Friday, December 31, 2021



Just in time for New Year’s Eve, The Pete Wood Challenge presents four, count ‘em, four new flash fiction stories, all keying off the phrase, “[character] could have gone to [event] on New Year’s Eve, but instead, thanks to [other_character], [he|she|they] had been waiting in line for hours.”

Y’know, one of these days I’m going to teach you all how to read Unix command line regular expressions, just so these challenge descriptions make more sense.

Without further ado, then…

Honorable Mention

“The Annual Times Square Paint Dry,” by Larry Hodges » Read it now!

Third Place

“Old Friends, Across Galaxies and the Space Between,” by Jenna Hanchey » Read it now!

Second Place

“That Darn, Dear Cat,” by Melissa Mead » Read it now!

First Place

“Worth It,” by Keyan Bowes » Read it now! 



Thursday, December 30, 2021

Schedule Update


The stretch of free time I expected to have after Christmas failed to materialize. Rather than knock myself out trying to finish SS#24 and get it out on January 1st, I am pushing the release date back to January 15, 2022.

Update to the Update: thanks to Sharon Cherri for catching that I’d published the revised release date as being January 15, 2021. That would have been some serious pushing back on the date.

Tuesday, December 28, 2021

Adieu, Mr. Bond (Part 3)

[continued from Part One | Part Two]

So Who Is This Bond Fellow, Anyway?

If Bond has no place in the world of real espionage, and if the details of his life, his adventures, and even his face may be changed and changed again at the storyteller’s discretion, then where does he belong? Once again, we’re back to the challenge of trying to identify the one true Bond with only mood, tone, and character to work with, so let’s consider the things about him that never change from one tale to the next.

Bond in a warrior. He never serves mere political expedience or convenience. If any government actually had a man like Bond on the payroll they’d be unable to resist the temptation to have him knock off a bothersome investigative reporter or two every now and then, but Bond never does that. Instead, he fights only clearly identifiable villains who are at least his equals, if not more powerful. More to the point, he fights only enemies that can be defeated. In Bond’s world there are no insoluble problems or lingering diplomatic ambiguities.

Bond has a code of honor. He may have a license to kill, but he does so only reluctantly and takes no pleasure in doing it. He will try the disabling knee or shoulder shot rather than the killing shot if he can. (Except when battling his way through mobs of minions and henchmen, but who cares about peasants?) He never kills innocent victims, never accidentally kills the wrong person, and will let a mass-murderer escape to kill again rather than put women or children in the line of fire. In Bond’s world there is no collateral damage.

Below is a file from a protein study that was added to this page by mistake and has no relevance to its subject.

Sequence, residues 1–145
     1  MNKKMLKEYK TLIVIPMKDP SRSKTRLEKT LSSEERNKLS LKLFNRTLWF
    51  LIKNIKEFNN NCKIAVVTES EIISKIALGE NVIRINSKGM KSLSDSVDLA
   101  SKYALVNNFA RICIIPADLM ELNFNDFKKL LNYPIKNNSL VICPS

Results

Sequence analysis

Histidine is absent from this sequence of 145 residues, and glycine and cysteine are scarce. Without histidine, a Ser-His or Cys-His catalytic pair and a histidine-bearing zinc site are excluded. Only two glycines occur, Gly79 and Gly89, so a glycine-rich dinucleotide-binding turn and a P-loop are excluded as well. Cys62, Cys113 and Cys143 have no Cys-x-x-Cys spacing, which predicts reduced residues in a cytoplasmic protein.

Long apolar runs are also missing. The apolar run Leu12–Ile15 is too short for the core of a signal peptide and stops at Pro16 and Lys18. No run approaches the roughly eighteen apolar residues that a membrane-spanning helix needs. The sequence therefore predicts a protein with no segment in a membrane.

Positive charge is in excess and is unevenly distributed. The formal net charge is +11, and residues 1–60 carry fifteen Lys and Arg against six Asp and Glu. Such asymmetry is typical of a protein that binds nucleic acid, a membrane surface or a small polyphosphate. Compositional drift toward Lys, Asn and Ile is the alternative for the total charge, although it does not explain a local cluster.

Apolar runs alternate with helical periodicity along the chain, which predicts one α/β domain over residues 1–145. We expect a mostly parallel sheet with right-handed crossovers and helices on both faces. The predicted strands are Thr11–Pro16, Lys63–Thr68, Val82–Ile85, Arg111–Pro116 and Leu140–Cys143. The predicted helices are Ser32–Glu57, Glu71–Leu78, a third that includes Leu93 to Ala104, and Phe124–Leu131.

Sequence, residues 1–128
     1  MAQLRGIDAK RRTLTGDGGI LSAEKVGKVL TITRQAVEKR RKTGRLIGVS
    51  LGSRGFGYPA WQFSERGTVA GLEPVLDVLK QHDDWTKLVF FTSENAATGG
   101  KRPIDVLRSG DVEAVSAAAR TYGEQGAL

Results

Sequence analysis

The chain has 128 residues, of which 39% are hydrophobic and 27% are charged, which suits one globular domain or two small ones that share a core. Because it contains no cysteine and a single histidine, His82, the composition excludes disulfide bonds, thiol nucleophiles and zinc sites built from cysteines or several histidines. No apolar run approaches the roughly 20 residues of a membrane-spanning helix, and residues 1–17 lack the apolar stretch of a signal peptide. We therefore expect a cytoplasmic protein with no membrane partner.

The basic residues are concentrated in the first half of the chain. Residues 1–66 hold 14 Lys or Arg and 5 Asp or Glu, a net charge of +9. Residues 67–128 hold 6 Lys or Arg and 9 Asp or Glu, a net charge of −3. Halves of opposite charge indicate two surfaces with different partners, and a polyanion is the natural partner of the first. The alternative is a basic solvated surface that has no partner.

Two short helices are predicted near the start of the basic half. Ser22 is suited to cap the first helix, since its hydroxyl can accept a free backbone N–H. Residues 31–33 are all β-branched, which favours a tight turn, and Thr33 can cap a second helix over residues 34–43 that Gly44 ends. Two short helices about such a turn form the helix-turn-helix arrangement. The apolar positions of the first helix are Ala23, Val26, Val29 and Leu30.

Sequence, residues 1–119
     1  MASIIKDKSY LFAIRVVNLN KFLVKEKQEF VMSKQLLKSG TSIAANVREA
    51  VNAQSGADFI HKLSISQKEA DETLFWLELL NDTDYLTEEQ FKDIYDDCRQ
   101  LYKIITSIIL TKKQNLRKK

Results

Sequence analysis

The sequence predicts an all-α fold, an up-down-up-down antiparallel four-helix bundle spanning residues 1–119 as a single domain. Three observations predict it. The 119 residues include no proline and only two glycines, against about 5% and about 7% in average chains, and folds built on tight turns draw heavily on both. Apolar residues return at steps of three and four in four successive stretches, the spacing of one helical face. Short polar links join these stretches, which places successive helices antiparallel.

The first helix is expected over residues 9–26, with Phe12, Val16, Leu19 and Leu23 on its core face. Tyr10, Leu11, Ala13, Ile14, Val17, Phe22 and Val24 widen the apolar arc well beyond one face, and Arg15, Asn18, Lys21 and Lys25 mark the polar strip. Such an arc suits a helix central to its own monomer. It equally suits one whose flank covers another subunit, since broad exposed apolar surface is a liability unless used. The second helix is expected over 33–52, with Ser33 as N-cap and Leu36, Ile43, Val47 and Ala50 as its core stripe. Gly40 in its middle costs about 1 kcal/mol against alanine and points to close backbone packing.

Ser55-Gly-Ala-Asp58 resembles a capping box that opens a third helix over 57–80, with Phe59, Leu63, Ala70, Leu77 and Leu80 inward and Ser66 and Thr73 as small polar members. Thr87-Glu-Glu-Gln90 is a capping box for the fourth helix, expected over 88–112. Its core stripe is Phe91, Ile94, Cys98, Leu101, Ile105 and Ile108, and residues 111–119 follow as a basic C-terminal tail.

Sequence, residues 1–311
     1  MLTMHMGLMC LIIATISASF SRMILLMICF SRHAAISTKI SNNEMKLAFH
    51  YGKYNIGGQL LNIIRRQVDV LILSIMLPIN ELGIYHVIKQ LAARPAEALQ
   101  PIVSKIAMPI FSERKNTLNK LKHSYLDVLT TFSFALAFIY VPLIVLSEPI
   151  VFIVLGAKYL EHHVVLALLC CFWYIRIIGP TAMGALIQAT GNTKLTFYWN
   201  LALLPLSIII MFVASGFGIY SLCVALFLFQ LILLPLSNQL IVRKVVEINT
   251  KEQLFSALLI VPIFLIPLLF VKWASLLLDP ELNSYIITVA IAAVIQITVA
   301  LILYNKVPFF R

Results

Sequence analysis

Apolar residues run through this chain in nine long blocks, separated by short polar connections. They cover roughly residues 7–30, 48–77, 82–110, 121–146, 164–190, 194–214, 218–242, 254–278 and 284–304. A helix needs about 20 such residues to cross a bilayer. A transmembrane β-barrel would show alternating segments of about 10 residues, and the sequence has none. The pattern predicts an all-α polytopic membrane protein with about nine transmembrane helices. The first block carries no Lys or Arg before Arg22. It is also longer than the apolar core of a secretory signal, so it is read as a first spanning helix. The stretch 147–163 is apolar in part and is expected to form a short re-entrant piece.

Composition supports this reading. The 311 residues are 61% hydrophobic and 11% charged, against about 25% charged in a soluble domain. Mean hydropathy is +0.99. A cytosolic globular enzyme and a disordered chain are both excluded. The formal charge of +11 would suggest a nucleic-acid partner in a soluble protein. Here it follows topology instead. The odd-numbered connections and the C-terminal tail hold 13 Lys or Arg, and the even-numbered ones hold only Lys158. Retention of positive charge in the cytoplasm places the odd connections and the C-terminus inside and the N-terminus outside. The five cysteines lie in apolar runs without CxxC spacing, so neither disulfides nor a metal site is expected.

Bond is a gentleman. He is a master of every form of hand-to-hand combat known to man, but his signature weapon (which has its own name, by the way) is a small-caliber pistol, or as Sir Alec Guinness might say, “A weapon with a more civilized edge.” Bond always meets his adversaries face-to-face and challenges them to single combat: he never strikes first from hiding or without warning, and he would never call in an airstrike to level a crowded restaurant just to get the one evil man hiding in the basement. Bond’s adventures frequently end with götterdämmerung final battles, true, but it’s always left to a Felix Leiter or a Tiger Tanaka to do the scut-work of marshaling the faceless but loyal peasant infantry; Bond himself answers to a higher calling. In Bond’s world there are no drunken and unreliable CIA mercenaries.

Finally, Bond is a romantic. As he travels on his hero’s journey, beautiful women are constantly throwing themselves at him, and while he may have dalliances — in some stories, lots of dalliances — there is always one true love waiting for him at the end of the tale. Admittedly the earlier stories of his adventures were often quite bawdy, but that was more a reflection of then-current social mores and the bawdiness has been toned down considerably in recent years. In Bond’s world there are no sexually transmitted diseases or pregnant ex-girlfriends.

With all the evidence that has been presented, then, the answer finally begins to become clear. Who is James Bond? He’s no noir anti-hero, no shadowy undercover operative, and no brilliant intelligence analyst. He’s no government assassin, no cold-blooded killer, and certainly no spy.

What he is, in truth, is a paladin. He’s a modern day knight-errant, who, mounted on his noble steed DB5, roams the world, righting wrongs, fighting evil, and protecting the weak. He’s a fantasy hero, and the place he truly belongs is in the Land of Make-Believe and Once Upon a Time, standing shoulder to shoulder with Aragorn, Luke Skywalker, Sir Lancelot, Wilfred of Ivanhoe, and Roland and all his cavaliers, defending the borders of the peaceable kingdom from the never-resting forces of darkness that roam out there in the wild lands.

(P.S. And those of you who are still bothered by Bond’s bawdiness should go back and read some of the early chansons de geste, Orlando Furioso, or for that matter an unexpurgated version of the Canterbury Tales. The early aubades and tagelieder in particular are just full of tales of heroic and noble knights who nonetheless are a rather randy lot and never pass up the chance for a good roll in the hay with an unhappily married noblewoman. The idea that medieval heroes were somehow pure and chaste is mostly the work of eighteenth-century bluenose Thomas Bowdler and his imitators, and not an accurate reflection of the actual songs and tales of the Middle Ages.)